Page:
Tuesday 23rd April
CSO's Phoenix concert gives restored venue a real workout - review
Photo credit: Duncan Shaw-Brown
First published on Press.co.nz.
Reviewed by Patrick Shepherd
Lamb & Hayward Masterworks: Phoenix
Christchurch Symphony Orchestra, Chief Conductor Benjamin Northey, with Michael Houstoun and Tony Chen Lin (piano), Martin Setchell (organ) and Woolston Brass.
Douglas Lilburn Auditorium, Christchurch Town Hall, March 2.
The star of the show – and make no bones about it, this was a terrific show – was undoubtedly the Town Hall, back in business after an 8-year hiatus following the earthquakes.
It looks and sounds better than ever and I would have to say that in all my years of reviewing concerts, never has the venue received its own applause. The assembled performers gave it a real workout, with a programme that stretched from the most-delicate whisper to the most all-enveloping reverberant wash of sound that was simply spine-tingling. Bravo to the performers but also to the remarkable team of people that put this fractured treasure back together.
Built around the central theme of transformation, each piece had its own distinctive angle. For nailing the brief, Stravinsky's Firebird Suite and Respighi's Pines of Rome take out the prize, ending each half respectively with a flourish, the Respighi being the musical magic I alluded to earlier with Martin Setchell on the Rieger organ and the Woolston Brass augmenting the dynamic to the max.
Firebird still has the power to surprise for both its primal rawness, but I also enjoyed the warmth of the strings and the various woodwind solos. Kudos also to Benjamin Northey who conducted the score from memory. The orchestra handled the sparkling opening of the Respighi well, a neat contrast with the solemn low strings depicting the catacombs. There were several excellent solos, most notably from David McGregor (clarinet), Thomas Eves (offstage trumpet) and Ashleigh Mowbray (cor anglais), and the recorded bellbird calls were an inspired Kiwi substitution for the original nightingale ones.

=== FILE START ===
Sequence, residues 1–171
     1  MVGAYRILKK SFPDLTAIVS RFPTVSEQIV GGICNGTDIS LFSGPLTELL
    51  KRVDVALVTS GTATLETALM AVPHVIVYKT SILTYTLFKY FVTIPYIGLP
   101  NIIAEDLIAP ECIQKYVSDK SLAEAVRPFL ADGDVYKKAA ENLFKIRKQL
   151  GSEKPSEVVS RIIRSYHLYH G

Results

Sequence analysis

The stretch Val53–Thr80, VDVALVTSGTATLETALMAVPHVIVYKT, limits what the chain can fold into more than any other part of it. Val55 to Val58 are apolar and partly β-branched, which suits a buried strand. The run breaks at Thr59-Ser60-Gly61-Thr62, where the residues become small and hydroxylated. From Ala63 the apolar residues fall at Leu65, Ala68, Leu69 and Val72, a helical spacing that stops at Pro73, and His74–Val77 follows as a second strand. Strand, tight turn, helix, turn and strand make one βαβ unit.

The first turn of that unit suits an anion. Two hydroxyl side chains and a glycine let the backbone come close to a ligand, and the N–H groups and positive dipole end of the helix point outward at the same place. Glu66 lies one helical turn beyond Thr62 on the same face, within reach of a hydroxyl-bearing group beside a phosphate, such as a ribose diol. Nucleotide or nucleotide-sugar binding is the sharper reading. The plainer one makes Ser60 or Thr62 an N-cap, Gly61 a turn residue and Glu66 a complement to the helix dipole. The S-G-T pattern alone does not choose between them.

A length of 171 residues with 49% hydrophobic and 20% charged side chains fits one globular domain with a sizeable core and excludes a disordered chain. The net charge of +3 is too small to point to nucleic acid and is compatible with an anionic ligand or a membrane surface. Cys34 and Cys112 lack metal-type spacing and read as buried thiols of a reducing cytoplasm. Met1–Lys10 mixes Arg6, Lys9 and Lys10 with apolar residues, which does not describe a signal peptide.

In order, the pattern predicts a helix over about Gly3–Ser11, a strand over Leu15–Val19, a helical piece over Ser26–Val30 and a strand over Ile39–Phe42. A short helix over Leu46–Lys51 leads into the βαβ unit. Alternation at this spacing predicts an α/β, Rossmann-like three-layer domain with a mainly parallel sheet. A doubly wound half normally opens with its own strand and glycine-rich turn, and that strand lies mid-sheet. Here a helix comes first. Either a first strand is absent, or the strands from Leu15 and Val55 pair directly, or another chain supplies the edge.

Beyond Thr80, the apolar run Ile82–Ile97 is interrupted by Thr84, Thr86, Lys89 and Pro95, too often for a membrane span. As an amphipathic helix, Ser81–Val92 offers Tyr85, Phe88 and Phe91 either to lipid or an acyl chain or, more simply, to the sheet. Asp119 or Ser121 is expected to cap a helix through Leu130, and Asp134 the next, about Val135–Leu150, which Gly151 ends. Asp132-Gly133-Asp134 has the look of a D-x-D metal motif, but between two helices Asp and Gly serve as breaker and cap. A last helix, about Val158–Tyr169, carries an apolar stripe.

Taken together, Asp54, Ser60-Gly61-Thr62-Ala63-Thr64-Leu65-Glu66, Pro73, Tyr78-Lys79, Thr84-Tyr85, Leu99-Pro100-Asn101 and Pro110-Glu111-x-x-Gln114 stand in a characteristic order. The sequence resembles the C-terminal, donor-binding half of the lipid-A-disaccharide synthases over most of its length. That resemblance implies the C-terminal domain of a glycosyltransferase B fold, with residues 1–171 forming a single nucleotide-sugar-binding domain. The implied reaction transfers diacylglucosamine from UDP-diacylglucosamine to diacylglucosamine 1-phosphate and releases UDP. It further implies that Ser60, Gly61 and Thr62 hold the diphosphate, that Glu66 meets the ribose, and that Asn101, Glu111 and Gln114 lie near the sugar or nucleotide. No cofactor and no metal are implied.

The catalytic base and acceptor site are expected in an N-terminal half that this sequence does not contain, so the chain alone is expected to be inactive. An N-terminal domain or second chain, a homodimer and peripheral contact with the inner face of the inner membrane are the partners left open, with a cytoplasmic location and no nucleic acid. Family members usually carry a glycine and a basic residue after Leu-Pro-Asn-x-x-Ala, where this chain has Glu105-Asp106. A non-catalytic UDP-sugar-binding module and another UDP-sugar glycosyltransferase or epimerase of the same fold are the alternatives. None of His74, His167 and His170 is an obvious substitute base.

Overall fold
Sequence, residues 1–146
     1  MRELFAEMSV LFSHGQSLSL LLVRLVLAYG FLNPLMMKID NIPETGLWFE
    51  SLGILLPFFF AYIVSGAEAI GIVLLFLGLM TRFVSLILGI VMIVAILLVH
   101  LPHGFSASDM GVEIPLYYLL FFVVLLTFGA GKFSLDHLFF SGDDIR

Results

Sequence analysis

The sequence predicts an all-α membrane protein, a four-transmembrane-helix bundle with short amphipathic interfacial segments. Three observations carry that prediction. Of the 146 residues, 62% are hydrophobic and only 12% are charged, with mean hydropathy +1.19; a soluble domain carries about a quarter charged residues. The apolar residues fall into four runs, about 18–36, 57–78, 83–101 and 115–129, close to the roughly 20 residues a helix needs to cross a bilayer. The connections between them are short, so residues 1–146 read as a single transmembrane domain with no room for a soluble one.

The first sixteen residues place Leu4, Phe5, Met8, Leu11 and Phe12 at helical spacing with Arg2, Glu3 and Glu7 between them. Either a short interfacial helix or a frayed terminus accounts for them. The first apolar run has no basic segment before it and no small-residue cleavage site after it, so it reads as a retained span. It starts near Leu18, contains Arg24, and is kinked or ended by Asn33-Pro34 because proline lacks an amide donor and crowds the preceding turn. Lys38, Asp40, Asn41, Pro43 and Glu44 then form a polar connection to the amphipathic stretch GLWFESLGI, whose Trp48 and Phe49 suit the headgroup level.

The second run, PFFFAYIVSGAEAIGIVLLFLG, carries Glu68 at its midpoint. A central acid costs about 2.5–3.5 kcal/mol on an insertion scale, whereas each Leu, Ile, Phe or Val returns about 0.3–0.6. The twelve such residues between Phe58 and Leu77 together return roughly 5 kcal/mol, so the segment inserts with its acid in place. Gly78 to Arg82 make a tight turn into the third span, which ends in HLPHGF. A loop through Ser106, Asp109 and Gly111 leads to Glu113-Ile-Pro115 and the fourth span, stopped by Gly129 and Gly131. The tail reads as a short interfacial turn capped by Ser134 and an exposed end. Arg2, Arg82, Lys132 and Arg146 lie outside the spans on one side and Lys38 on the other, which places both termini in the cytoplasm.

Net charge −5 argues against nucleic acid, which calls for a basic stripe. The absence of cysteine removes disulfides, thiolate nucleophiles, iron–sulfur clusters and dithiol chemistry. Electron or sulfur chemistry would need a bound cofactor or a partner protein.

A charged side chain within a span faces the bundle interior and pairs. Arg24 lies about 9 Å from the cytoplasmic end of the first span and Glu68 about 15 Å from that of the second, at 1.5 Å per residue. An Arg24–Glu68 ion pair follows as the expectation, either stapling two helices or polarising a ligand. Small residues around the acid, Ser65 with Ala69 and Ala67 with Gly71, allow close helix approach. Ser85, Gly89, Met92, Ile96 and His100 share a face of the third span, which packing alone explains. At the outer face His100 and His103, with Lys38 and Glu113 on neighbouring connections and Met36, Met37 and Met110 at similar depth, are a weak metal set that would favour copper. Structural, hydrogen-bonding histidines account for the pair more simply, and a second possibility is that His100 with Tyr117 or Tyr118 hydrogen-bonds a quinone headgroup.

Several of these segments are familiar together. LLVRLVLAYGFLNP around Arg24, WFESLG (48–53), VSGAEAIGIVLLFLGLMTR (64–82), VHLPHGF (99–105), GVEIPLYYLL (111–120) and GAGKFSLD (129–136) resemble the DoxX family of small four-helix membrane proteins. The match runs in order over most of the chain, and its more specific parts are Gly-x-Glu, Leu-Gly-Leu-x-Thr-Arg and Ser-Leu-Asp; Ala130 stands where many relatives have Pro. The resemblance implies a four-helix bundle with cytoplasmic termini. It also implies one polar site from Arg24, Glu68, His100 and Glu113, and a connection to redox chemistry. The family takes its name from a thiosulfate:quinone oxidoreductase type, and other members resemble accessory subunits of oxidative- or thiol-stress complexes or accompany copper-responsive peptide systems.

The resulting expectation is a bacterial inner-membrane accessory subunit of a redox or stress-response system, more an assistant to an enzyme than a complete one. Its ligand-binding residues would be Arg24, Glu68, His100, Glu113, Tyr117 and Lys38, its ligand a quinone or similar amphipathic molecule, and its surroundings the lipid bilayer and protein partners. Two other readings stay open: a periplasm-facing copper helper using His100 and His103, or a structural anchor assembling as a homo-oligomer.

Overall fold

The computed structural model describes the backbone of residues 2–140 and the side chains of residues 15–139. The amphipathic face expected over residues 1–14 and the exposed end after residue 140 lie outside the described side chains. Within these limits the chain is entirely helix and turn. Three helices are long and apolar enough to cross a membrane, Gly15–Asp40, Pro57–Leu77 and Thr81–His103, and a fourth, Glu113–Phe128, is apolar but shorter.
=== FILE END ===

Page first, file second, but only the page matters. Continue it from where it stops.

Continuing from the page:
Opening the programme, Chris Cree Brown's Phoenix blended the nervous energy of the upwardly searching scales with a central episode based on the ethereal sounds of the Aeolian harp. Commissioned especially for the event, Phoenix was a thought-provoking way to be reintroduced to the venue, the outer sections immediately accessible and engaging, the Aeolian harp providing quite a contrasting listen.
Michael Houstoun and Tony Chen Lin partnered up for Mozart's Concerto in E Flat for two pianos, a work of charm and polish, falling short of the profound but, from a technical perspective, providing a textbook example of how to write for this combination. Houstoun and Chen Lin were perfectly attuned, the overlapping cascades of scales and thematic ideas passing precisely between them, Houstoun's calmness the perfect foil for Chen Lin's animation. The reduced orchestral forces and the novelty of a work requiring two pianos also gave the hall chance to show just how well it balances different combinations.